- - Sunday, November 13, 2011


Report: Sheriff’s office used problem cases as jail guards

LOS ANGELES — A report finds Los Angeles sheriff’s officials routinely transferred problem deputies to the county jail as a way of keeping them from the public.

A Sunday story in the Los Angeles Times says some deputies were allowed to remain working in the county’s lockups after being convicted of crimes or found guilty of serious misconduct.

Documents obtained by the Times show that among those sent to work in the jails was a deputy accused of fraud, loan sharking and threatening to kill somebody. Another deputy beat a firefighter bloody and unconscious during an off-duty incident.

The background and conduct of deputies have come under increased scrutiny as federal investigators probe misconduct and brutality against inmates in the nation’s largest jail network.


Macy’s Christmas tree snaps during hoisting

ATLANTA — It’s the drought that stole Christmas.

The Macy’s store in Atlanta’s Lenox Mall must cut down a new Christmas tree after the 60-foot white pine selected for the holidays snapped while being hoisted atop the department store Sunday morning.

Melissa Goff with Macy’s said the store usually selects its tree from a Georgia forest, but drought conditions have made it difficult to find a healthy tree this year. She said the 11,000-pound tree was from Douglas County. She said a backup tree has been selected and will be brought in this week.

The tree will be decorated between now and Thanksgiving Day, when the store will hold a lighting ceremony, a 63-year tradition. It’s not the first time the store has had to get a backup tree: The 2004 tree also broke.


Doctors: Test all kids for cholesterol by age 11

CHICAGO — Every child should be tested for high cholesterol between ages 9 and 11 so steps can be taken to prevent heart disease later on, a panel of doctors urged Friday in new advice that is sure to be controversial.

Until now, major medical groups have suggested cholesterol tests only for children with a family history of early heart disease or high cholesterol and those who are obese or have diabetes or high blood pressure. But studies show that is missing many children with high cholesterol, and the number of them at risk is growing because of the obesity epidemic.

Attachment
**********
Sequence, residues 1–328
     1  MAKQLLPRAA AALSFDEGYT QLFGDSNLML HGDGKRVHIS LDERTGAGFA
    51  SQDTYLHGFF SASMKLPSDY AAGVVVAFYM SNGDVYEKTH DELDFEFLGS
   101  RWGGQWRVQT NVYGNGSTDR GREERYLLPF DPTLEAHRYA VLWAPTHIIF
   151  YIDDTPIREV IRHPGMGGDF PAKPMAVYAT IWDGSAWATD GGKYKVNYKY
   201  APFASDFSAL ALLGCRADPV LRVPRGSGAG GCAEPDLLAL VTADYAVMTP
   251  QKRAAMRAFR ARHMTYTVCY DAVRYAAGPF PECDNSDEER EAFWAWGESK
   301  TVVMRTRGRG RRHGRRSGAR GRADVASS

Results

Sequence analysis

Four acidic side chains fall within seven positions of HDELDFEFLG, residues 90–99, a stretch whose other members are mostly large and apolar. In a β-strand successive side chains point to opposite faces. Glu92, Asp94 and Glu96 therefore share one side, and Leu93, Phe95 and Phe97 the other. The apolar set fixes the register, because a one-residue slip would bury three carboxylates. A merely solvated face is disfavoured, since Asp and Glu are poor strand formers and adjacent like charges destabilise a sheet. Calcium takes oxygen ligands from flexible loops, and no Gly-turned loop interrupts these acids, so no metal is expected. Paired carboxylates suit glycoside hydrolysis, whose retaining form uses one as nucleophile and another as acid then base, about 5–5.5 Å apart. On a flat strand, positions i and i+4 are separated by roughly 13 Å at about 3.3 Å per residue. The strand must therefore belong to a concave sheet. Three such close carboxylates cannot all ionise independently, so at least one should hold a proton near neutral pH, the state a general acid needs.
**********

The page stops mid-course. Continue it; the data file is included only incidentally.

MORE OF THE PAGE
The recommendation is in new guidelines from an expert panel appointed by the National Heart, Lung and Blood Institute and endorsed by the American Academy of Pediatrics.


Jewish neighborhood march protests swastika attack

NEW YORK — Dozens of residents marched through a Brooklyn neighborhood Sunday to protest against vandals who torched three cars and scrawled Nazi swastikas in an area populated by Orthodox Jews.

Protesters said they were stunned after unknown vandals set the cars ablaze, spray-painted the letters “KKK” on a van, defaced four public benches with 16 swastikas and left other anti-Semitic messages on a sidewalk in the Midwood neighborhood before dawn on Friday. Police have made no arrests.

“I’ve never seen this level of violence here,” State Assemblyman Dov Hikind said. “This goes beyond the pale — blowing up cars in the middle of the Jewish community.”

About 100 people joined the march through Midwood. They passed the benches on Ocean Parkway that had been defaced with swastikas — all removed within hours of their discovery. The three torched cars had been parked nearby. Mr. Hikind said authorities told him they believe rags were soaked in gasoline, placed under the cars and lit.


Man missing in explosion found dead a day later

FAIRBORN — The body of a 75-year-old man was found Sunday after he was killed in a house explosion in western Ohio that injured six others, including four children, and damaged neighbors’ homes, authorities said.

The explosion sent debris and the victims into the yard, and a neighbor reported seeing a baby burned, bloodied and covered in glass.

Work was being done on the duplex’s water line when the gas line was struck, causing the explosion Saturday, Fairborn Fire Marshal Carl Day said.

A 13-year-old was transferred in critical condition to Shriners Hospital for Children, one of about four hospitals in the country specializing in pediatric burns, said spokeswoman Louise Holker. Two men also were injured. Their conditions were not given.

The 1-year-old baby was in fair condition and a 5-year-old was in good condition Sunday morning, a spokesman for Dayton Children’s Medical Center said. A third child, whose age wasn’t available, was treated and released Saturday.


Mayor used alias to double as news reporter

SALT LAKE CITY — The mayor of Utah’s second-largest city is acknowledging he used a fake name to write freelance stories for state news outlets because he says the municipality needed more “good news.”

West Valley City Mayor Mike Winder quoted himself in some of the stories he wrote for the Deseret News, KSL-TV’s website and a community weekly.

Mr. Winder told the Associated Press his career as a news reporter using the name Richard Burwash lasted several months until he decided to come clean this week. He says getting stories published was as easy as setting up a Gmail account and Facebook page under the alias.

Mr. Winder says he wanted to offer balance to what he saw as bad news coverage of his city. He complains that the media devotes too much time to covering crime.

From wire dispatches and staff reports



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